But again, the question may be asked, if the reconstructed State Governments that were organized and brought into existence under the Congressional Plan of Reconstruction were not a disappointment and a failure, why is it that they could not and did not stand the test of time? The author hopes and believes that the reader will find in one of the chapters of this book a complete and satisfactory answer to that question.
It will be seen that the State of Mississippi is made the pivotal one in the presentation of the facts and historical points touched upon in this work; but that is because Mississippi was the field of the author’s political activities. That State, however, was largely typical, hence what was true of that one was, in the main, true of all the other reconstructed States.
The author was a member of Congress during the settlement of the controversy between Hayes and Tilden for the Presidency of the United States, resulting from the close and doubtful election of 1876,—a controversy that was finally decided through the medium of the Electoral Commission. The reader will find in the chapter on that subject many important facts and incidents not heretofore published.
Why was it that the able and brilliant statesman from Maine, James G. Blaine, died, as did Henry Clay, without having reached the acme of his ambition,—the Presidency of the United States? Why was he defeated for the Republican Presidential nomination in 1876,—the only time when it was possible for him to be elected, and defeated for the election in 1884,—the only time when it was possible for him to be nominated? The answer to these questions will be found in this book.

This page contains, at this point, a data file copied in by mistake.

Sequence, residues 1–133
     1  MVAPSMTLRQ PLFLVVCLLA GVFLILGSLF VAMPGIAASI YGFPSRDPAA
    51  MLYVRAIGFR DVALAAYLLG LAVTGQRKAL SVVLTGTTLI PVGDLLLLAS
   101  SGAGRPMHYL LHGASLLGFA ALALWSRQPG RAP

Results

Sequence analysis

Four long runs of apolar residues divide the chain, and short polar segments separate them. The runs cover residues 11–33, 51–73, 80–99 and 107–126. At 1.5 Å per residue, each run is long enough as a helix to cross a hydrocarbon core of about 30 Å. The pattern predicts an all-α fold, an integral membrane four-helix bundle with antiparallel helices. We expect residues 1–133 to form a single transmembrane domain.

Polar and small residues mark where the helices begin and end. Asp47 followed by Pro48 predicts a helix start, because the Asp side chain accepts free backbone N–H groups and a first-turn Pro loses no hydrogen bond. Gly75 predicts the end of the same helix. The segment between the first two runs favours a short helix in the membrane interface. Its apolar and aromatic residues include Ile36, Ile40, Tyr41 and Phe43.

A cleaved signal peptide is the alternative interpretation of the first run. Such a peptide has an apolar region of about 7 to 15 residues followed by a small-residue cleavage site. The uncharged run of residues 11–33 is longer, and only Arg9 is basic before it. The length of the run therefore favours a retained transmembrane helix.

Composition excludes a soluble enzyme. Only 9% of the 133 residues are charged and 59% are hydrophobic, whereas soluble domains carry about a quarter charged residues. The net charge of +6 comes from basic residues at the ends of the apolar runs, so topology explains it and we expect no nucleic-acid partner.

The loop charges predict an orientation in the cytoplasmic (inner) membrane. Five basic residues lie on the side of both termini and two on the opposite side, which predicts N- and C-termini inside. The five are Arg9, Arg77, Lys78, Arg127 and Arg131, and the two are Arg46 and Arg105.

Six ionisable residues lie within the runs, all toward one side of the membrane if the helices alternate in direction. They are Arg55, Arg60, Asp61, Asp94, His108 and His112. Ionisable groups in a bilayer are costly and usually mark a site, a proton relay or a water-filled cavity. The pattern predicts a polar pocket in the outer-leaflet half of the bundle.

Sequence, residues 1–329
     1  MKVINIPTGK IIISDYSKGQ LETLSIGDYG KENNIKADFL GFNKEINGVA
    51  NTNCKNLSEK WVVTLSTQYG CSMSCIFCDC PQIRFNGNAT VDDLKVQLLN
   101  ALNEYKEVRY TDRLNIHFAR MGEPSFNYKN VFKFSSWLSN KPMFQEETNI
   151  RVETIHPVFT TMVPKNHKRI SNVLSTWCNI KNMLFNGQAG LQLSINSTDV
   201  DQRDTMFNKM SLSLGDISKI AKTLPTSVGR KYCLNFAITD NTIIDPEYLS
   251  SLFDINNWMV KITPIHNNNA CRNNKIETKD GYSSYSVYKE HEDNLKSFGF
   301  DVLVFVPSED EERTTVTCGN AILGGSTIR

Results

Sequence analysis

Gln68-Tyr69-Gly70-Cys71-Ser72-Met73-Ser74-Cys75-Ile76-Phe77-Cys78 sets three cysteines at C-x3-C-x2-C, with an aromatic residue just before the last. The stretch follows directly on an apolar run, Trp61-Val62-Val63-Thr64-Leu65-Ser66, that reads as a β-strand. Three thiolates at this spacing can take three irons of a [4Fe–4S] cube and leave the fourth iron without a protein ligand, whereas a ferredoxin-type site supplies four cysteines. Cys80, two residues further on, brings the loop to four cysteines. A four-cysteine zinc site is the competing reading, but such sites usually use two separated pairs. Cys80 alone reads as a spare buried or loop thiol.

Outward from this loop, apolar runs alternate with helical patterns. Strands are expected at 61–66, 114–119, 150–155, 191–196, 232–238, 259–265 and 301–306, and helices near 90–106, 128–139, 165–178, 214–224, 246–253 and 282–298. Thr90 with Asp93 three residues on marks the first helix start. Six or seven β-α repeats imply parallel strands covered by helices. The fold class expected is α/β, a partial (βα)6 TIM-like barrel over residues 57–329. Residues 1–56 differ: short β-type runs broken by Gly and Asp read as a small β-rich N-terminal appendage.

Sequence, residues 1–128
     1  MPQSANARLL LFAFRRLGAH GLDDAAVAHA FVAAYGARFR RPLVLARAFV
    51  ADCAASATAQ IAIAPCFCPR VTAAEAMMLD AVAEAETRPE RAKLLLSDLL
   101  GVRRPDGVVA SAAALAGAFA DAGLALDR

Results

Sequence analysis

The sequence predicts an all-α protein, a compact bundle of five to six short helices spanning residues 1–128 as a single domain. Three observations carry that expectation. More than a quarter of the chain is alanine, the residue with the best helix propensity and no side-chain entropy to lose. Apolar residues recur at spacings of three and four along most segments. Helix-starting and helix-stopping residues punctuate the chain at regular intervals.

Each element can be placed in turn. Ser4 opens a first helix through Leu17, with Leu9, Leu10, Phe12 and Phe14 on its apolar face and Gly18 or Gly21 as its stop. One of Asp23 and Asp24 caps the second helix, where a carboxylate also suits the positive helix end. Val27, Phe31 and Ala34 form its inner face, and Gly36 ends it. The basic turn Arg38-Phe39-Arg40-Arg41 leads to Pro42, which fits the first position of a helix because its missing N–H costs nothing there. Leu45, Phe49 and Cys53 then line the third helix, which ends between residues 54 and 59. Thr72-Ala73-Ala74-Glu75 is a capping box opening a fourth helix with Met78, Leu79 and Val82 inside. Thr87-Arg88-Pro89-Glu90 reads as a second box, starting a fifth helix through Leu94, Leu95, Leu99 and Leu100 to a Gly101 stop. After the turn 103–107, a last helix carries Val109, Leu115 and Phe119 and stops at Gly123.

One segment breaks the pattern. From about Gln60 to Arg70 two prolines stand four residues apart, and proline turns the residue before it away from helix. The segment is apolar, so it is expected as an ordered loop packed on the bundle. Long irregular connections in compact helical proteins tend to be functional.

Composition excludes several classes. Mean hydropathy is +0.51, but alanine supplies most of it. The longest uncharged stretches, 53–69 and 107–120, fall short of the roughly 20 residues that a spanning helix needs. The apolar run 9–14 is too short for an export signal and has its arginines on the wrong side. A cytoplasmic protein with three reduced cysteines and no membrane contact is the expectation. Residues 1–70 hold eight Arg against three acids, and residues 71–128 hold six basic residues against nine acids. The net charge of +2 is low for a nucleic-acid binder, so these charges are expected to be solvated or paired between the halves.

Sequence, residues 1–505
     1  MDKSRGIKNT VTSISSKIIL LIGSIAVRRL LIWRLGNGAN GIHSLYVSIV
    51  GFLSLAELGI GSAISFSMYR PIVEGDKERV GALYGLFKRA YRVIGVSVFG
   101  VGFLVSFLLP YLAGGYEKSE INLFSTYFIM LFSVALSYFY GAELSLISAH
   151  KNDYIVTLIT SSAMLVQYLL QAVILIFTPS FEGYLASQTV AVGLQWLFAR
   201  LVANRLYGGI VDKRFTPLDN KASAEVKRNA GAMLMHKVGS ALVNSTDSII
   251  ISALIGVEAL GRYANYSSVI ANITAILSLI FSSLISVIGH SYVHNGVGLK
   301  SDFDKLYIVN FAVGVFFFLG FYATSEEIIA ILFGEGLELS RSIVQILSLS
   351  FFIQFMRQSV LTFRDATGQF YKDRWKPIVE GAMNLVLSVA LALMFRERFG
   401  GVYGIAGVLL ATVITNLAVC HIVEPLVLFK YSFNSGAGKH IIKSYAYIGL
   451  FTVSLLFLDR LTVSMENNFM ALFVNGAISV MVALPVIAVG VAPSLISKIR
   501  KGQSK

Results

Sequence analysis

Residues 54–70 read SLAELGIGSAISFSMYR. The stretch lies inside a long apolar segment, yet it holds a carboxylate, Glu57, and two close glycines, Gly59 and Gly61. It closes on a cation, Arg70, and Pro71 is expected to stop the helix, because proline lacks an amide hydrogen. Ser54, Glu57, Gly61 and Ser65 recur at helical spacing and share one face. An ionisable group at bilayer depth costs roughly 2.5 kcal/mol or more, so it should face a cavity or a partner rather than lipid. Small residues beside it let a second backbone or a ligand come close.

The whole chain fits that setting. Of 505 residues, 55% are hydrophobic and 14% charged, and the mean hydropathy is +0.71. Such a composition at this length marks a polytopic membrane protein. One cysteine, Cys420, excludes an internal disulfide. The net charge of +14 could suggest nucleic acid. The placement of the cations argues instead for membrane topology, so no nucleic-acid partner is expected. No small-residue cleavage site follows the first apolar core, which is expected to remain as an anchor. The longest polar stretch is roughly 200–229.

Then the interviews between the author and Presidents Grant and Cleveland, and Secretaries Blaine, Lamar, and Gresham will no doubt be interesting, if not instructive.
If, in writing this book, the author shall have succeeded in placing before the public accurate and trustworthy information relative to Reconstruction, his highest ambition will have been fully gratified, his sense of justice entirely satisfied.
John R. Lynch.
THE PART PLAYED BY MISSISSIPPI IN THE EARLY DAYS OF RECONSTRUCTION
The year 1866 was an eventful one in the history of this country. A bitter war was in progress between Congress and President Andrew Johnson over the question of the reconstruction of the States lately in rebellion against the National Government. The President had inaugurated a policy of his own that proved to be very unpopular at the North. He had pardoned nearly all the leaders in the rebellion through the medium of amnesty proclamations. In each rebel State he had appointed a provisional governor under whose direction Legislatures, State officers, and